Tag Archives: UK

No Really – Go To Northern Ireland

I am a Norn Iron (Northern Ireland for those who like to pronounce all their syllables) local – and over the years, my sneaky fondness for it has developed into full-on love, compounded even more by the fact that I don’t live there anymore. I was fortunate enough to be able to return recently and was delighted to see that the North, and Belfast in particular, was continuing along its path of charming gentrification. I was less fortunate to be exposed to Titanic Fever – columns and columns of newspaper space were saturated with Titanic trivia, century-old reports documenting the sinking, bemused tourists being asked to give their verdict on the brand new Titanic Experience building – ‘great for the city, sure it is!’. I still had to go and visit it, though – that night, rainbow-coloured lights, like refracted prism beams, were projected onto the building’s imposing aluminum walls. They were dazzling.

 The Titanic Belfast – glorious at nighttime

That wasn’t all that was new for me in Belfast. I like to eat my way around cities so while I was determined to visit old favourites, I sought out new haunts. The Barge, a former canal barge, is moored at the back of the Waterfront Hall and has been lovingly restored into a museum and a café. The food was excellent, and the sunlit, almost Scandanivian setting encouraged even the most hungover of us to start to think about beer again.

The Barge

I never need to be asked twice if I want some cake, so a friend took me to Cakes By James, a tiny cake shop that is literally hidden in a building that it shares with art shops, jewellers and galleries (you have to ring a doorbell to get in, and it’s up three flights of stairs). James Watson, a local who curated his talents at bakeries around the world before returning to Belfast, is a magic cake alchemist; when my friend recommended I try the stout and ginger cake, I looked warily at him. When I took a tiny bite, ringed by cream cheese frosting, I was forced to eat my words. Then more cake.

 Cakes By James

If you’re interested in both food AND history, St. George’s Market  is the obvious weekend destination. Built in the late 19th Century, it is frequently cited as one of the best markets in the UK and Ireland and I would not be inclined to disagree. On Saturdays in particular, there is a broad array of stalls – you can buy a pair of Lego earrings while trying to balance a coffee in one hand, and a Finn MacCool-sized breakfast bap in the other. Continue reading

Wandering in Glasgow

Years ago I was traveling through the UK with my friend Matt. We were both teaching in France at the time and in the fall decided to take advantage of the generous Toussaints holiday to explore life on the other side of the channel.  We started off in London and took an overnight bus to Edinburgh; after a few days exploring the highlands, we arrived in Glasgow on a crowded blue and yellow bus on October 30th. We had booked an early morning flight to Dublin on November 1st, so that gave us only a day and a half in the city.

Glasgow Green

I never really thought I would make it all the way to Glasgow, but we embarked on this trip with no real plans, expectations, research or reservations—so I guess I shouldn’t have been so surprised that we would be spending Halloween in Glasgow. The weather had been rather gray since we arrived and it had begun to drizzle as we descended from the bus and onto the damp Glasgow street. We had found a hostel (generically called the Euro Hostel) about two blocks from the train station, on the corner of Jamaica and Clyde Streets.  Compared to the hostel where we stayed in Edinburgh (which still ranks as my worst hostelling experience ever—rampant theft, filth and fleas), the Euro Hostel was a breath of fresh air with a clean, modern design and maple wood bunk beds. After settling in, we started walking. With no map in hand and no real idea about the layout of the city, we wandered. I had caught a nasty cold in Edinburgh (probably from that nasty hostel) so I quickly found a drug store and bought cold medicine and cough drops.  We were still trying to accustom ourselves to British business hours. Popping a cherry-flavored drop in my mouth and relishing the immediate effect, we continued walking, this time away from the busy shopping district. Continue reading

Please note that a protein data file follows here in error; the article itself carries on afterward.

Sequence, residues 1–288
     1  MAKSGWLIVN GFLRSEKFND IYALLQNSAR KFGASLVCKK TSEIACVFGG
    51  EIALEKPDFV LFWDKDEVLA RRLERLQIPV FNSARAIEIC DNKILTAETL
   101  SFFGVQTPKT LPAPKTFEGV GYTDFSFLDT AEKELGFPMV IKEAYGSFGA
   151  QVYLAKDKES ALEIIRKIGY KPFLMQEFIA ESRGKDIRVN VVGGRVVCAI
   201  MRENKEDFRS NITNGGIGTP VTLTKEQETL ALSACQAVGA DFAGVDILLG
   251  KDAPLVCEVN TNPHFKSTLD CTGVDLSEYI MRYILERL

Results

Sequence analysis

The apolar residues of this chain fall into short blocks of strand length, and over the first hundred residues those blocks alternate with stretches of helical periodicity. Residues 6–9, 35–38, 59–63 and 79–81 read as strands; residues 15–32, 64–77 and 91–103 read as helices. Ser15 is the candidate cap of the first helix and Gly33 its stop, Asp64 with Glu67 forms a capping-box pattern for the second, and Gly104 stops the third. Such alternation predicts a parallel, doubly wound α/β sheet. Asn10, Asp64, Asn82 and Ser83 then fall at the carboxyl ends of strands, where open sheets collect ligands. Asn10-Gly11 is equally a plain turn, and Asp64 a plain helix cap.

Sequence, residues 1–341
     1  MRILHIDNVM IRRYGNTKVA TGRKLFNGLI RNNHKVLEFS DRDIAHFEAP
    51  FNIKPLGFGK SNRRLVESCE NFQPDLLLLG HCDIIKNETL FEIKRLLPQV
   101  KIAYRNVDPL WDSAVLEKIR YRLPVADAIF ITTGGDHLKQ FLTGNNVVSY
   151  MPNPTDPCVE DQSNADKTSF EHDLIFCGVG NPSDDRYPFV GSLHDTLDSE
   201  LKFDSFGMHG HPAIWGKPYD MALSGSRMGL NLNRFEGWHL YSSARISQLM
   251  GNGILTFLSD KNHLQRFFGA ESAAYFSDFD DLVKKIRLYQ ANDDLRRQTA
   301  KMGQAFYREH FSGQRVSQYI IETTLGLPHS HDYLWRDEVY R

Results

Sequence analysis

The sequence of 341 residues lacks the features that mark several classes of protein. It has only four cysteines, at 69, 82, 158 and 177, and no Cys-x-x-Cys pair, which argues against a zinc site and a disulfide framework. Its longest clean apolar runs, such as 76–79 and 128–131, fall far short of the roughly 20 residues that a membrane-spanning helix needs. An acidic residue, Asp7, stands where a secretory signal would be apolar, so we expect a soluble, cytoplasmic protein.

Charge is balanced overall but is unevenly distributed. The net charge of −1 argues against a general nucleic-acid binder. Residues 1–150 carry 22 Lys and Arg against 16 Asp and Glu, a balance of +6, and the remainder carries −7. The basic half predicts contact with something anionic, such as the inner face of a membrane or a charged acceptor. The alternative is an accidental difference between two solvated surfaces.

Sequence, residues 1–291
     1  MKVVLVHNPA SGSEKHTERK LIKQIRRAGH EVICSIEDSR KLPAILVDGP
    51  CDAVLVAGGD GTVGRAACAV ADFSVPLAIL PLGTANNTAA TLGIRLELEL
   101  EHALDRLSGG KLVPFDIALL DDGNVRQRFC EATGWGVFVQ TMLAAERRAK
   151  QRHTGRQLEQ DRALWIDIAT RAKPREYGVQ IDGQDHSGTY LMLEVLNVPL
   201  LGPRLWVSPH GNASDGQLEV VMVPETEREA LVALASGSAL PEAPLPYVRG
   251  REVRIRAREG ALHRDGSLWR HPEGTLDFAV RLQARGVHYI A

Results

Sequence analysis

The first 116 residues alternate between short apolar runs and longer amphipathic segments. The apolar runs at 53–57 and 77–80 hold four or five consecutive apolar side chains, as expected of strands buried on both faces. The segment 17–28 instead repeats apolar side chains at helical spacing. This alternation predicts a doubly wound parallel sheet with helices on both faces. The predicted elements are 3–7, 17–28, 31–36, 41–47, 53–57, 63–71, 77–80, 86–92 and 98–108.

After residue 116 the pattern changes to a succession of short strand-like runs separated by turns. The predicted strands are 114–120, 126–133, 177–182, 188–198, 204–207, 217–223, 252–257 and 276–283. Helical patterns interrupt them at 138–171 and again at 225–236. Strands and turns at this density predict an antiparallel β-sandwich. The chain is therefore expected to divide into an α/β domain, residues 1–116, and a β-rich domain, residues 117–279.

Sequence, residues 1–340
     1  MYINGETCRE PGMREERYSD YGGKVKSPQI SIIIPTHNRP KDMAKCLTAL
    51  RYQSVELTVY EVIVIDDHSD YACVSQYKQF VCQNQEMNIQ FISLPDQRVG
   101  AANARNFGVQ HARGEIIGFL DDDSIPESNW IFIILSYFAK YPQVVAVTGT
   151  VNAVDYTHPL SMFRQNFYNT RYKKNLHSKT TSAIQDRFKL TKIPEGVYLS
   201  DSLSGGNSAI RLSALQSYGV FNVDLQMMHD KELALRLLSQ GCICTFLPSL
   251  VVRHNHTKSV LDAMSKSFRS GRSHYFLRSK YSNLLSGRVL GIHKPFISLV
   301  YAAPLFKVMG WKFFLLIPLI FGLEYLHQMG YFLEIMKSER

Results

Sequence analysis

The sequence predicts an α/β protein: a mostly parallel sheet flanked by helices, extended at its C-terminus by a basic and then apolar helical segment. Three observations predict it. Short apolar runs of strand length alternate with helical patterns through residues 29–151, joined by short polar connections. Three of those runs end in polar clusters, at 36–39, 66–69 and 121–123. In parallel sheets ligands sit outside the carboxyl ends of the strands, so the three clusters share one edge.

Stonehenge Musings

In honor of the upcoming London Olympics, we’ll be incorporating more posts about the UK into this blog. First up: personal experiences at Stonehenge.

Photo courtesy of Joanna Ortiz

Laura D. says: I visited Stonehenge in the late afternoon on an especially windy day. The type of wind where your face immediately becomes chapped and you have to squint your eyes in order to avoid being blinded. However I did get close to Stonehenge and the weather didn’t disturb my sight that much, so the wind might not have been a big deal…except that I wanted to take a cute picture of me in front of the monument. The type of picture where I could show my family and say, “Look at this adorable picture of me at Stonehenge.” I did not get that photo. The wind destroyed my hair and no matter how many times I redid my ponytail, strands became loose and whipped my hair back and forth. I took about 40 pictures that day. I look normal in one photo. In the rest of the pictures my hair was in front of my face and I looked like the the creepy girl from the The Ring. Overall I’d call that a success. As for Stonehenge itself, well it was exactly what I imagined: impressive, large and old. It was surreal to be standing near a monument that was built thousands of years ago. And it was especially surreal to see that there was nothing around it, just a highway and a flock of sheep. The sheep came close to the fence and watched our group as we walked around the huge attraction. I took a picture of myself in front of the sheep. That was the one picture that I looked cute in. Continue reading